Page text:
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Wednesday, April 30, 2014

Currently Reading: Duke

I made a mention of this biography of Duke Ellington by Terry Teachout previously. It finally came through the library's ebook queue a couple of weeks ago. I am reading it slowly at bedtime.

At 15%, the author has just got to the Cotton Club, a Harlem club owned by a notorious Irish gang boss Owney Madden and his violent legbreakers. The Cotton Club served up light-skinned, scantily-clad showgirls and black jazz musicians to an exclusively white clientele who ventured to Harlem for a flavor of the exotic. By all account Madden is the worst type of gangster. But he paid the musicians and showgirls fair to good wages and never bothered them artistically or bodily. Oddly, working for the worst gangsters afforded by-proxy protection for them from other troubles.

Curiously, Madden frequently played bridge with Ellington and Bubber Miley (the trumpeter) after the shows. Another band member (Sonny Greer) said he "loved Duke and loved me." They were said to get along quite well. In later years, Ellington never talked about the segregation and seediness of the Cotton Club and called it a classy joint.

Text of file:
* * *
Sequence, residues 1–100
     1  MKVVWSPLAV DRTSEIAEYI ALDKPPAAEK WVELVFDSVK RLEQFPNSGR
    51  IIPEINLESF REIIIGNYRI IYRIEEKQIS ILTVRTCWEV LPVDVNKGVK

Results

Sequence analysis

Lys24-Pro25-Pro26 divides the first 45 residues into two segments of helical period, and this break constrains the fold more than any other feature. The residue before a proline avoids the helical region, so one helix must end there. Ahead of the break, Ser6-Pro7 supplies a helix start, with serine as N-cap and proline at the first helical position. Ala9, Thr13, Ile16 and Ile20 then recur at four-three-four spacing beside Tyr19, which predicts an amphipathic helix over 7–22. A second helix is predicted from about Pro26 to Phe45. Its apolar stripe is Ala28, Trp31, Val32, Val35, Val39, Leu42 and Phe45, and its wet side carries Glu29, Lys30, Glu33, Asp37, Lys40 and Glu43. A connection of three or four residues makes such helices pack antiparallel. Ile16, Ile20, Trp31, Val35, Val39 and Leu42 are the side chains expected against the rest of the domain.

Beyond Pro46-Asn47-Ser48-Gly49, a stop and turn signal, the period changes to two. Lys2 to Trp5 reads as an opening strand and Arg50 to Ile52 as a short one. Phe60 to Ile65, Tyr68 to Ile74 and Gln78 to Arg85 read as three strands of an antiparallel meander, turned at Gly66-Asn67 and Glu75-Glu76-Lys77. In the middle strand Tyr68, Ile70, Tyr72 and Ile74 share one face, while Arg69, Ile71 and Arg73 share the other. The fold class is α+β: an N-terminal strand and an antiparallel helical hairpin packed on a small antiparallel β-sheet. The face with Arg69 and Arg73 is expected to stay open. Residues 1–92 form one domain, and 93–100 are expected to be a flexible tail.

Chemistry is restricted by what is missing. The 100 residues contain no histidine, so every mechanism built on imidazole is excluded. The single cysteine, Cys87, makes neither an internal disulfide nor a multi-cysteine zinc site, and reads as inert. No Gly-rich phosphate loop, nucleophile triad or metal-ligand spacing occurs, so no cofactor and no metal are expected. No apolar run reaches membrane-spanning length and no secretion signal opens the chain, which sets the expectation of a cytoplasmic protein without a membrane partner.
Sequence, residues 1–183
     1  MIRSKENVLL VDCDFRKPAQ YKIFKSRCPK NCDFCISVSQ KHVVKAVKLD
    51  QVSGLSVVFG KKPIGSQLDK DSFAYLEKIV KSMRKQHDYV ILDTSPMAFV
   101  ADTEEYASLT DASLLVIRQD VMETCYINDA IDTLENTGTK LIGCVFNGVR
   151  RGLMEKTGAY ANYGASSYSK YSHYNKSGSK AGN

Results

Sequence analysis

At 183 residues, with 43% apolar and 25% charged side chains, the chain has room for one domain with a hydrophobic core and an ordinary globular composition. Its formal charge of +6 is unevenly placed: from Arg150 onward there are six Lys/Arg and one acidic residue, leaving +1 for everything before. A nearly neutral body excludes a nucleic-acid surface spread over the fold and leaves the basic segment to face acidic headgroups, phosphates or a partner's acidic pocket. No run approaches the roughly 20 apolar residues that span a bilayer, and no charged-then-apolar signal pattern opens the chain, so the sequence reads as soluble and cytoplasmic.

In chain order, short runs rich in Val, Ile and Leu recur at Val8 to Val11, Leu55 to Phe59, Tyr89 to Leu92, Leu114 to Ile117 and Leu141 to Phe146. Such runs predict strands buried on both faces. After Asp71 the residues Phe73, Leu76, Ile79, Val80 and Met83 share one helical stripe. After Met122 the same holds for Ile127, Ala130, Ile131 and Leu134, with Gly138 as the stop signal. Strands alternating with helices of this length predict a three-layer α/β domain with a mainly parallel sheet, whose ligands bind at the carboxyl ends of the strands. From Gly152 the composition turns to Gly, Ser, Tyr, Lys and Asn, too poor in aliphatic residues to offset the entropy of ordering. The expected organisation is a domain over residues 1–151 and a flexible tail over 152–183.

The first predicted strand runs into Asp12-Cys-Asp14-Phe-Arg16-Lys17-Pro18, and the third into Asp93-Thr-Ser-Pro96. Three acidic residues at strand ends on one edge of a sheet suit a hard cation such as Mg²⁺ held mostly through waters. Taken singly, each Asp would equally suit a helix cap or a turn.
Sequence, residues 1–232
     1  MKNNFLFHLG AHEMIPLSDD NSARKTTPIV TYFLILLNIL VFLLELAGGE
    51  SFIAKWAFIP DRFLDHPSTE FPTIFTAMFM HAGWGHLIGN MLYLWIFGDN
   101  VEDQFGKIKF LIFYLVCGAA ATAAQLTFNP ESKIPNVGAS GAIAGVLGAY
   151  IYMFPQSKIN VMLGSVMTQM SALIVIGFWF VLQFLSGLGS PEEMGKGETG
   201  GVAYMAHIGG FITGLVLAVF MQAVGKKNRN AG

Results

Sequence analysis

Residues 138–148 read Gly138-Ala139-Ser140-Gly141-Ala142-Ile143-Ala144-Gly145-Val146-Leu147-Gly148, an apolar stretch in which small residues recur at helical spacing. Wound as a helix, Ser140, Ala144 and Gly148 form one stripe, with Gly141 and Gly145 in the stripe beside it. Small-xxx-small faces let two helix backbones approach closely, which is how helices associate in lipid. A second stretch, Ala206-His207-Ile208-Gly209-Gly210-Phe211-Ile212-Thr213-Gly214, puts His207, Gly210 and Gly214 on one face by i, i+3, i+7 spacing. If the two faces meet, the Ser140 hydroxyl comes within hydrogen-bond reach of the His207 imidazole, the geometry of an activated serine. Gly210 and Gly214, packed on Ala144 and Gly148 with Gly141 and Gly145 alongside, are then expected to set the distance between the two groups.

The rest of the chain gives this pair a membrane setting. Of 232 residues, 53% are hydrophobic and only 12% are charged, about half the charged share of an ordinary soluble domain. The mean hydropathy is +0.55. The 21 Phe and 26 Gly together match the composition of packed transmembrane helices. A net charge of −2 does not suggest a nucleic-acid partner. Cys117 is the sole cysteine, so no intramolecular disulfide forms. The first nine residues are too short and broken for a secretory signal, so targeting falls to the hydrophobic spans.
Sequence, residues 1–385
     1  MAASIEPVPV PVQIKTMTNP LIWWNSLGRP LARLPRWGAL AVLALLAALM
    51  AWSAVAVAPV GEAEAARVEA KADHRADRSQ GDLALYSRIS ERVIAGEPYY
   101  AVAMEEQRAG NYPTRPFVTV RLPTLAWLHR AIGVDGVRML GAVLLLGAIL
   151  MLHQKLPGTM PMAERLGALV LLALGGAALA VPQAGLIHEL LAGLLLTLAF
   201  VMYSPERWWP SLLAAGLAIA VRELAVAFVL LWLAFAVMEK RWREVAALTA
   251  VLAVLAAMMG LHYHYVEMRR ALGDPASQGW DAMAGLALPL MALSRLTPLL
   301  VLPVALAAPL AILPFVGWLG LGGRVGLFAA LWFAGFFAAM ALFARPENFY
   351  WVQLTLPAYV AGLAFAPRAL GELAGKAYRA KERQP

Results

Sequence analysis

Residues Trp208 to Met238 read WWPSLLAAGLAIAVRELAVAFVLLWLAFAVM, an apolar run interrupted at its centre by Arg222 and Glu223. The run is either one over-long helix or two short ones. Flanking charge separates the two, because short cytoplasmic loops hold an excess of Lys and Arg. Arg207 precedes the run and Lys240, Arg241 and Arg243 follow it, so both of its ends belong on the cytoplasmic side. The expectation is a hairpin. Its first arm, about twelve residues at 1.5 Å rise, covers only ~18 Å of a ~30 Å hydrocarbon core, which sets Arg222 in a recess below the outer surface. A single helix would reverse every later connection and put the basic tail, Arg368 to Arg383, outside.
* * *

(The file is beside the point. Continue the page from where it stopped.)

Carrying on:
If I were to write this into fiction it would be way too cheesy and cliched. I guess I'd have to do it in Chinese. [g]

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Other mind-tickling observations about Duke so far:

He showed early talent in art and started a sign-painting business in the U Street neighborhood when he was but a teenager. He worked on that and music was only moonlighting. He made quite a lot of money from both sides of the business, enough to buy a house (!) before he hit 20. 

Musicians who worked with him and knew him well complained about his deft manipulation of them ... and admitted that his manipulation made them better. 

He couldn't study anything systematically to save his life. Instead he would always pick things up bits and pieces here and there, like driving around Central Park in a cab with a classical musical teacher to learn the basics of composition. The rest he just made up as he went along.

He loved contrasts.

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